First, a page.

They discussing chaffing?
The discussion continues about WSJ’s take on the new road uniform, what we’re wearing, and how we view ourselves. I was in threads on Facebook, G+, and Twitter about the topic most of the day. Those conversions included our channels and the other cyclists quoted in the article. Interesting too, cause Kevin is a traditional reporter who doesn’t inflect his own beliefs into the story. He reported a trend and threaded together interviews with “experts.” Scanning the comments I saw a pervasive “don’t give an F or care what other people wear.” That collective response and whatever attitude may contribute to another topic being discussed: The Lost Art of the Road Ride.
The magic ends by mile 10. The group will surge, gap, and separate, only to regroup at every stop sign. I’ll hear fifteen repeated screams of “HOLE!” for every minor road imperfection. And then no mention of the actual hole. Some guy in front will set a PR for his 30 second pull. Wheels overlap, brakes are tapped, and some guy in the back will go across the yellow line and speed past the peloton for no apparent reason. A breakaway?!
Absolutely correct that everyone is an expert and they’ve self-quantified themselves on Strava to prove it. The same thing is happening in racing where, at times, it feels like the racers spend more time watching pirated Eurovision streams than racing themselves. Like hey those aren’t tactics, but ignorance to the well-established dynamics of a race.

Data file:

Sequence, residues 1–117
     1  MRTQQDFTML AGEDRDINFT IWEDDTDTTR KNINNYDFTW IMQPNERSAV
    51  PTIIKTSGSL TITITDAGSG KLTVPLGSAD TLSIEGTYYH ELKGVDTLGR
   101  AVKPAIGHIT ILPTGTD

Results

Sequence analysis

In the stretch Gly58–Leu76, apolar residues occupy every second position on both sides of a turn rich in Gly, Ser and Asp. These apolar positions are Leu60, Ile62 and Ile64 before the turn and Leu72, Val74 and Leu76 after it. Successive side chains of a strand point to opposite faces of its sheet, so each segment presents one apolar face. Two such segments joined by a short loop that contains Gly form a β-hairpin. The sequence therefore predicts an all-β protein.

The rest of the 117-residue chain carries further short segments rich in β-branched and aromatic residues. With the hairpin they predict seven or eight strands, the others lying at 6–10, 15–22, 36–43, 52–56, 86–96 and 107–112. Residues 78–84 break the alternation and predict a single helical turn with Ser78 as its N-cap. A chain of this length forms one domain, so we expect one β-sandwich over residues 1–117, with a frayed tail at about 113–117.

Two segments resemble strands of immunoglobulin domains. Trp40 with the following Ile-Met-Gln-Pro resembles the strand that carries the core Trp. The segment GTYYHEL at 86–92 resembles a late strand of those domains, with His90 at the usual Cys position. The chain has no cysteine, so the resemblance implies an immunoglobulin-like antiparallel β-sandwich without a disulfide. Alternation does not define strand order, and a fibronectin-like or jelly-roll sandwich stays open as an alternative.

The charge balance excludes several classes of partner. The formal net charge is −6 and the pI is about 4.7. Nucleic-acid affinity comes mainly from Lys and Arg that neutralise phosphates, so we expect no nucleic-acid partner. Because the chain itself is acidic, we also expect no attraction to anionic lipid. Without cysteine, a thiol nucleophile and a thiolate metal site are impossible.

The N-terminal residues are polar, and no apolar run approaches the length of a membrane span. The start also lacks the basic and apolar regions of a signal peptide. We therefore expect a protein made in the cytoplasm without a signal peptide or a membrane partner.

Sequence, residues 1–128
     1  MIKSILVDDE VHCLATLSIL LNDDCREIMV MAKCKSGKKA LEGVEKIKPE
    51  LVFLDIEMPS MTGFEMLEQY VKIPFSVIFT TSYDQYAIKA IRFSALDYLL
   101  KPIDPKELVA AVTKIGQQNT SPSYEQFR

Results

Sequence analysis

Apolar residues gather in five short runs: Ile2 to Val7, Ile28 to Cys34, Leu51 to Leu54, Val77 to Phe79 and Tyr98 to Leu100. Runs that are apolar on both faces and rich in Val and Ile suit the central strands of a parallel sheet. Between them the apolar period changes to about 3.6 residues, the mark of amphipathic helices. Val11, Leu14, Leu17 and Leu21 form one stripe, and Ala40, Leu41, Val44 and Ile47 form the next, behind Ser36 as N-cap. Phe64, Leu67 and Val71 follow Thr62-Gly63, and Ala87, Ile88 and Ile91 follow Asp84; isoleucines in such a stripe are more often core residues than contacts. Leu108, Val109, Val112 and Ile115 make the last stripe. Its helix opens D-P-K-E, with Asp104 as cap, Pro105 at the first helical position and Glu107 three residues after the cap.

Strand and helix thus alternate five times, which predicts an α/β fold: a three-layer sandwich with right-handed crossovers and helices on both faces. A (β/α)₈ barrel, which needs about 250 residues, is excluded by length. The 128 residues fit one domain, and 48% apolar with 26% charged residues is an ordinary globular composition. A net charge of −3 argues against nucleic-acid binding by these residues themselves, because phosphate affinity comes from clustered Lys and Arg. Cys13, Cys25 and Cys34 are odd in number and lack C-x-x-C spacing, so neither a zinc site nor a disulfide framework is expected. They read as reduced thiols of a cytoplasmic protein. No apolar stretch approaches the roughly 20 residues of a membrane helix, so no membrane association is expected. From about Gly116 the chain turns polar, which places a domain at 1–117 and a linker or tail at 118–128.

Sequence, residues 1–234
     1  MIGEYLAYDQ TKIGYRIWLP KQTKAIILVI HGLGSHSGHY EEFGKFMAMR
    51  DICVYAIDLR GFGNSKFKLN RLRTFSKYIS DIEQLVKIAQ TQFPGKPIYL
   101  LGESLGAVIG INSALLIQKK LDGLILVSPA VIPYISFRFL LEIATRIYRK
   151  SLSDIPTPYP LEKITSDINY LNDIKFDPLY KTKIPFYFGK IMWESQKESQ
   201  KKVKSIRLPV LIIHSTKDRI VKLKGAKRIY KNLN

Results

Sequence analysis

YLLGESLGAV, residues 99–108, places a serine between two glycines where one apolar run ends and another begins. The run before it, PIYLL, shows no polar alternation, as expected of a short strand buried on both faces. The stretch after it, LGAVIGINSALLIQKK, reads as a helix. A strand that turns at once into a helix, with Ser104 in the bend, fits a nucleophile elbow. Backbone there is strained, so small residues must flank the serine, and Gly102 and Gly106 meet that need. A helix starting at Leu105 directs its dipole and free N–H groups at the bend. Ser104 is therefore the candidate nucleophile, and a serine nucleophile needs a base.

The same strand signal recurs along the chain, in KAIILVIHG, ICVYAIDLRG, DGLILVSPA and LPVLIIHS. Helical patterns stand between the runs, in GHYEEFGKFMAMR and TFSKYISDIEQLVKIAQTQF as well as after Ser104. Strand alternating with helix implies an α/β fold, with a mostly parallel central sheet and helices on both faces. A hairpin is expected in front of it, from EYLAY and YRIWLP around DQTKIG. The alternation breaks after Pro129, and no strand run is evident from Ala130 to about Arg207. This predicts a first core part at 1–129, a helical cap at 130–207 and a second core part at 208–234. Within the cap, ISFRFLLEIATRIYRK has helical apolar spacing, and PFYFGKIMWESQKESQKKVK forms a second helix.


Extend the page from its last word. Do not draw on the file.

On G+, John Friedrich, summed it up
My cycling experience is primarily mtn, followed by city/urban, with group recreational road riding something fairly new for me. When I started road riding in earnest a few years ago, bike handling and awareness of my surroundings are things that I saw a great deal of value in that I found most groups lacked. I haven’t been steeped in road culture (I still don’t shave my legs) but I do respect that pack customs and traditions exist for a reason- to keep the group efficient, fast, and safe. I find it frustrating that so many cyclists new to road riding feel like they have something to prove- enough to place themselves and the rest of the group in danger.
This is a sport steeped in tradition, over a century old, and you want to ride big miles like a Pro in baggy shorts with hairy legs? Sure, you independent, can-do, American individualist! But note that there’s some old guys in the sport that can drop some knowledge on you they learned from even older guys who actually raced in Europe, back in the day. On those roads you’ve only seen on TV.
Before the internet, before custom bikes, and before Lance, it was done better. Learning to ride was an apprenticeship. The goal was to become a member of the peloton, not merely a guy who is sort of fast on a bike. Membership was the point, not to be the local Cat. 5 champ. You were invited to go on group ride if you showed a interest and a willingness to learn. You were uninvited if you did not. You learned the skills from directly from the leader, who took an interest in riding next to you on your first rides (and not next to his friends, like better riders do today).
A generation proved themselves on rides and moved up through the ranks. This one has Stuart Smalley smartphones apps that tell them how good their ride was. Maybe they should unlock the tradition badge instead